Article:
Many customers who trade in their old cars are tricked by dealerships who are not truthful about the value of the trade-in. They might tell you, “A 1999 Toyota like yours only sells for $3,000.” But the Toyota’s wholesale value may really be worth a lot more. Customers who don’t know what they can get for their car if they were to sell it today (the wholesale value) are likely to accept statements like these and may walk away with very little for their trade-in. The dealership will then turn around and sell the trade-in for much more. Learn more at What Do I Need To Know Before Buying of Leasing a Car?

What you should do:

  • If you are not sure of the condition of your car and/or its market value, you may want to take it to a few dealerships. Tell them that you are thinking of trading in your car and see what they offer you for it. This amount may be a more accurate estimate of your car’s market value.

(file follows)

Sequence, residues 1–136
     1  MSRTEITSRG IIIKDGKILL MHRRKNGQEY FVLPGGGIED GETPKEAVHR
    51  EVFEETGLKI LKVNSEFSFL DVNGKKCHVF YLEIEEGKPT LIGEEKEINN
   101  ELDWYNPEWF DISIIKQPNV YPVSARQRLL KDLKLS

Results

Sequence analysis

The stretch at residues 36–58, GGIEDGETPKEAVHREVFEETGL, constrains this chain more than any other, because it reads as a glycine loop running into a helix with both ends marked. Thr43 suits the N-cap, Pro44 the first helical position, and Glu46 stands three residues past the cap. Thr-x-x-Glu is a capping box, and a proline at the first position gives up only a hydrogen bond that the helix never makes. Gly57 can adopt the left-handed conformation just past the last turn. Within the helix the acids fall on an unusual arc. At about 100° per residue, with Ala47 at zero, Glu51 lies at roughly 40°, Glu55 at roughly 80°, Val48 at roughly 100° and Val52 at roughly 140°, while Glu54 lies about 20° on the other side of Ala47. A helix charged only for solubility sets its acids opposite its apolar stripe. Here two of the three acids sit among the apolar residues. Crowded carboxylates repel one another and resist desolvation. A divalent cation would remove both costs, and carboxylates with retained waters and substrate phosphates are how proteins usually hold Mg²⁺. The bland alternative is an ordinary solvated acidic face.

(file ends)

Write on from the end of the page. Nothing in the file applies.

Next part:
• If you are thinking about trading in your old car, make sure you know its current market value. You can go to the library or bookstore to find a book that lists values of most cars.

Also try these websites:
Kelley Blue Book (www.kbb.com)
Edmunds (www.edmunds.com)

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Number 8: Co-signer Scam

When customers don’t qualify on their own for financing, dealerships often suggest that they get a friend to co-sign. Often, however, a salesperson will tell the co-signer that he/she is only signing as a reference to help the primary buyer. This is false. If you are thinking of co-signing for someone, you should know that the co-signer is equally responsible for paying the debt and can be sued if the primary buyer doesn’t make payments.